LEARN NC was a program of the University of North Carolina at Chapel Hill School of Education from 1997 – 2013. It provided lesson plans, professional development, and innovative web resources to support teachers, build community, and improve K-12 education in North Carolina. Learn NC is no longer supported by the School of Education – this is a historical archive of their website.

Demarcus told me I was “the bomb.” I told him to go to the principal’s office, and a look of complete and utter confusion covered his face.

It turned out that being “the bomb” is a good thing. I didn’t know that. I had apparently just received the highest compliment an eighth grader could give me, and I had punished him for it.

My mistake.

It was a mistake from which I learned, though. In fact, that moment made me rethink my classroom “discipline system” altogether. I began to wonder how many other times I had handed out consequences without understanding what had actually happened. Certainly my classroom needed structure — rules that were enforced and applied equally to all. But maybe I had admired the structure of the discipline system while neglecting the community foundation on which it needed to stand. Maybe instead of thinking exclusively about behavior — and the rewards and punishments it should elicit — I needed to think about my students.

Did I know them? I knew their names, had contacted their families and had reviewed their academic records. I had even distributed a Getting to Know You questionnaire at the beginning of the year. Of course, I hadn’t really had a lot of time to look at their responses. There were lessons to plan and “real” assignments to grade.

But that afternoon I found the completed “Getting to Know You” handouts and really began reading them. After three weeks as their teacher, I began meeting my kids.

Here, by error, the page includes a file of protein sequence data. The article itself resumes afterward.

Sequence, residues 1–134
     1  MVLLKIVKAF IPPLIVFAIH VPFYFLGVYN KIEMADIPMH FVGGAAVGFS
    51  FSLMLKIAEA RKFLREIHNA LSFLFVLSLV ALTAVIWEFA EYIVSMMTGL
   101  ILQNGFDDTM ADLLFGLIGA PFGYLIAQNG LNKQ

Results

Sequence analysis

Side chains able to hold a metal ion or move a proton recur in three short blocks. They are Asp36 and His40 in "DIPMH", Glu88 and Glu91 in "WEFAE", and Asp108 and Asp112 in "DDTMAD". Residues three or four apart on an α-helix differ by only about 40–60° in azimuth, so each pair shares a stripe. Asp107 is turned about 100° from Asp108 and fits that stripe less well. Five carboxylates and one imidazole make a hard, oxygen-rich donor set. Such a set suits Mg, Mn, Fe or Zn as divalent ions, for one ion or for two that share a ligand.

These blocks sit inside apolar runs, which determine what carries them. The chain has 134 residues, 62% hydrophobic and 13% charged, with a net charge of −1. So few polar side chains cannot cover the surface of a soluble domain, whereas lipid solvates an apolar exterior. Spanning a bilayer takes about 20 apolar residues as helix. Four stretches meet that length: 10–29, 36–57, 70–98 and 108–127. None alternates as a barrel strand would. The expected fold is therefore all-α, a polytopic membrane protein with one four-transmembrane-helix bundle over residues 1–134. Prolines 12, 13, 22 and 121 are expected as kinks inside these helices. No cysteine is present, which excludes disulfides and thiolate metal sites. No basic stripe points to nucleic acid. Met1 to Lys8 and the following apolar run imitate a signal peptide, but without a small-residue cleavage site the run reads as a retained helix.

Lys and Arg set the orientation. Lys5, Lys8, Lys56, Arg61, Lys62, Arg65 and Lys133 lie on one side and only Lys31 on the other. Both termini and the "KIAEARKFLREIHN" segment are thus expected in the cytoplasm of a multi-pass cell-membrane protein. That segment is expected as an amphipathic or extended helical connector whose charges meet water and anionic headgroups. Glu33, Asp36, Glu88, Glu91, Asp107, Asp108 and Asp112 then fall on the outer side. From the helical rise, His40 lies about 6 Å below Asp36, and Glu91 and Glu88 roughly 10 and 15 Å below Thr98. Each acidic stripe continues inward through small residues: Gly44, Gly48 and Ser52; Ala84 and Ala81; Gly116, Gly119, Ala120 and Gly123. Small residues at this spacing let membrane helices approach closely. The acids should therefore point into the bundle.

I won’t pretend that the change in classroom culture was instantaneous, but the change in me was. I began listening to the hearts of my students, instead of simply challenging their minds. And over time, the classroom culture did shift. I continued to make relationships a priority. As a result, the foundation we needed for our “discipline system” and our academic work was built and preserved.

And I loved it. And I began to love them. And they sensed my investment, were encouraged to interact, and through those interactions we all learned. And we didn’t just learn more about each other. They realized I was interested in them, and they responded by paying more attention to me and to the material I was teaching. Things weren’t perfect, but the number of discipline issues I encountered significantly decreased. As they did, we had more time to focus on each other and on the material.

Getting to know your students is a reward in and of itself, but it also helps in other areas. It creates student investment in you and in history, math, science, English or whatever subject you teach.

Strategies for getting to know your students

How do you do it? It is actually remarkably simple. Start by asking them a few basic questions about what they do in their free time and who they are inside and outside the classroom. Then remember the answers, and follow up by inquiring about how those things are going for them. Pass a calendar around and ask students to put their birthdays on it. You don’t have to buy presents or sing to make an impression. Just say a quiet “happy birthday” when they come through your door.

Every six weeks, assign work that students can do silently at their desks while you call them up one at a time for a conference. You can talk about academic performance, but also ask them how things are going in other parts of their lives. Attend an extracurricular event in which they are going to participate. One colleague of mine — who entered the classroom after retiring from the business world, and taught every day in a bow tie — would ask his students to recommend movies so that he could see them, then have a common experience to discuss with them after class.

In other words, figure out some way to connect with your students. Listen not just to what they say, but to who they are. Demarcus might — for a moment — think you’re the bomb, and you don’t want to miss that moment because you’re not paying the right kind of attention. You also don’t want to miss the chance to tell him that you think he is pretty amazing too.